By | July 26, 2016

Collins v. Unum Life Insurance Company of America is a case with an unfortunate result for plaintiff Daniel Collins who fractured his ankle when he fell in the employee parking lot. Initially surgery was performed and various screws put in place to hold the tibia and fibula together and securing the medial malleolus. For about three months, he had no complaints and the fracture appeared to be healing appropriately.

Then, he began having complaints about pain. About six months after the fall, he developed a Charcot ankle, which is misalignment of the ankle joint. His treating physician noted that he suffered from pain due to the fracture “among other issues.” He had more surgery, but continued to have pain. A breakdown of the tibia indicated that he might need a “limb-salvage procedure.”

After numerous problems and more surgeries, approximately one year after the fracture, surgeons amputated Collins leg just below his knew. The pre and post-surgical diagnoses included, among other things, Charcot neuroarthropathy with ankle deformity, ankle fracture and diabetes mellitus. A few months after the amputation, Collins applied for dismemberment benefits under his employee benefit plan and his claim was denied. Unum based its denial on its determination that “Plaintiff’s diabetes partly contributed to the need to amputate Plaintiff’s foot.” Plaintiff’s administrative appeal was denied and he filed this ERISA lawsuit.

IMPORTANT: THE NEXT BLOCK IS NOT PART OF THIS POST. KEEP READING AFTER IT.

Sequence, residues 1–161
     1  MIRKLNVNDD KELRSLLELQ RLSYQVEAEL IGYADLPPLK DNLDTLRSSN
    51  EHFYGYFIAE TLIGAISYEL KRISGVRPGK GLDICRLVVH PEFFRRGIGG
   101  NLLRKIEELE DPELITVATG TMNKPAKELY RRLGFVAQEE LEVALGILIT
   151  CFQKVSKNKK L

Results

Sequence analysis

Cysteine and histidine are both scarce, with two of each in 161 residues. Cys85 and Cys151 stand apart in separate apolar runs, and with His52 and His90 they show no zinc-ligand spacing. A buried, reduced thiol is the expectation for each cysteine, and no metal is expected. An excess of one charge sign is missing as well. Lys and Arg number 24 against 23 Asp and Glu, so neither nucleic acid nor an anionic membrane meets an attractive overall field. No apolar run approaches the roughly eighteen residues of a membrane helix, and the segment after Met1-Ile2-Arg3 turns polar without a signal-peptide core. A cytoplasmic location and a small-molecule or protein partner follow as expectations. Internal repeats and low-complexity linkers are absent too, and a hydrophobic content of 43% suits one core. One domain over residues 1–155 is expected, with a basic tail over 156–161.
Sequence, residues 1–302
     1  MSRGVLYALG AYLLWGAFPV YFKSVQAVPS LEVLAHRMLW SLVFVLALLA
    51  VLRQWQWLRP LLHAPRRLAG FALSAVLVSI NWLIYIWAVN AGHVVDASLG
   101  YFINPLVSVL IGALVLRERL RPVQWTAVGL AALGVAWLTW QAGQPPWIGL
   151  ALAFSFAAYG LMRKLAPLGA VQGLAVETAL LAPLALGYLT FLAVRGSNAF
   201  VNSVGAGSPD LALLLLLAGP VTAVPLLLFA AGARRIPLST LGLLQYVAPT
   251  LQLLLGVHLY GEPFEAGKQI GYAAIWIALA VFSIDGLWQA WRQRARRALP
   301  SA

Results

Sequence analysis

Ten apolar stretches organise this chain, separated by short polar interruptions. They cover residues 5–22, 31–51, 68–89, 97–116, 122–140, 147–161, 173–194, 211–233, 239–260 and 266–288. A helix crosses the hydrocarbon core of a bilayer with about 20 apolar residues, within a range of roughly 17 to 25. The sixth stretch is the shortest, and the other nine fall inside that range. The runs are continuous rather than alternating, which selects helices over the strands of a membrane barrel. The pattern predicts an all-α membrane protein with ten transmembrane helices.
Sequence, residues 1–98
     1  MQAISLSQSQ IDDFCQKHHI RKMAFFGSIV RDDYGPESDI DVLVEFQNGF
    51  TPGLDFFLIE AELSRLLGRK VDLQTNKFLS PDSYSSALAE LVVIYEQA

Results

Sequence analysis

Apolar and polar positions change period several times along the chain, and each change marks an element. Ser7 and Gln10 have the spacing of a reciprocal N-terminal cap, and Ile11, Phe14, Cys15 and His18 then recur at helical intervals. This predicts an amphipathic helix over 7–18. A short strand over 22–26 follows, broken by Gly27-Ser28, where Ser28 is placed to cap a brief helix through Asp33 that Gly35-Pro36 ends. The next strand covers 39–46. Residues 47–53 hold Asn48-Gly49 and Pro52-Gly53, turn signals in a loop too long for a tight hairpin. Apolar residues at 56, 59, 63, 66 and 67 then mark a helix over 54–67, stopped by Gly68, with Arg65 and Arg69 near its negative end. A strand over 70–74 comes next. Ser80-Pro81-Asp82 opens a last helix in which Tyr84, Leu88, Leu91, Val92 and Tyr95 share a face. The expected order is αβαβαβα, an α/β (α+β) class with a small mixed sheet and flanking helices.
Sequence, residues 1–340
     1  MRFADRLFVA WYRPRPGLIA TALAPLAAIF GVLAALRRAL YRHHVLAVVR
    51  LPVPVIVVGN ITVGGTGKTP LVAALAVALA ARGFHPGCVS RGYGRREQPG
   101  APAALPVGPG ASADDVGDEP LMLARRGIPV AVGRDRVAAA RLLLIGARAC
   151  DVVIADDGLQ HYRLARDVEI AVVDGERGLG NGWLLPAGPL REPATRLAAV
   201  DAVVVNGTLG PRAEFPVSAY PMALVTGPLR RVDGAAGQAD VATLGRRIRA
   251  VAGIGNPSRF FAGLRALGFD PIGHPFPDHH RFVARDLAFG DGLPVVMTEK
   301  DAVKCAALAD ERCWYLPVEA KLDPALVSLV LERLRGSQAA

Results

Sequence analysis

Unum’s Accidental Dismemberment Exclusion

The Unum policy which provided plaintiff dismemberment coverage specifically had an exception and did not provide coverage for dismemberment that was “caused by, contributed to by, or resulting from…disease of the body.” The policy also gave discretion and authority to Unum to process and interpret claims under the policy.

The District Court Upholds Unum’s Denial Based on a Sufficient Record Showing the Diabetes Was A Contributing Factor to the Need for Amputation

Plaintiff’s medical history showed that he was responsible for not controlling his diabetes. As a result, he had ankle problems both before and after his fall. A board-certified pathologist, who reviewed plaintiff’s medical records at the request of Unum, determined, with a reasonable degree of medical certainty, that “both the underlying illness and the injury were necessary for the development of the joint pathology that led to the amputation.” In evaluating these facts, the court held that “Unum’s decision to deny Plaintiff’s benefits application was not arbitrary and capricious based on the policy’s bodily disease exclusion.”

This case was not handled by our firm, but we believe it can be instructive to those struggling to obtain benefits under their insurance’s dismemberment coverage. If you have questions about this case, or any matter relevant to your dismemberment or disability coverage, contact one of our experienced attorneys at Dell and Schaefer for a free consultation.

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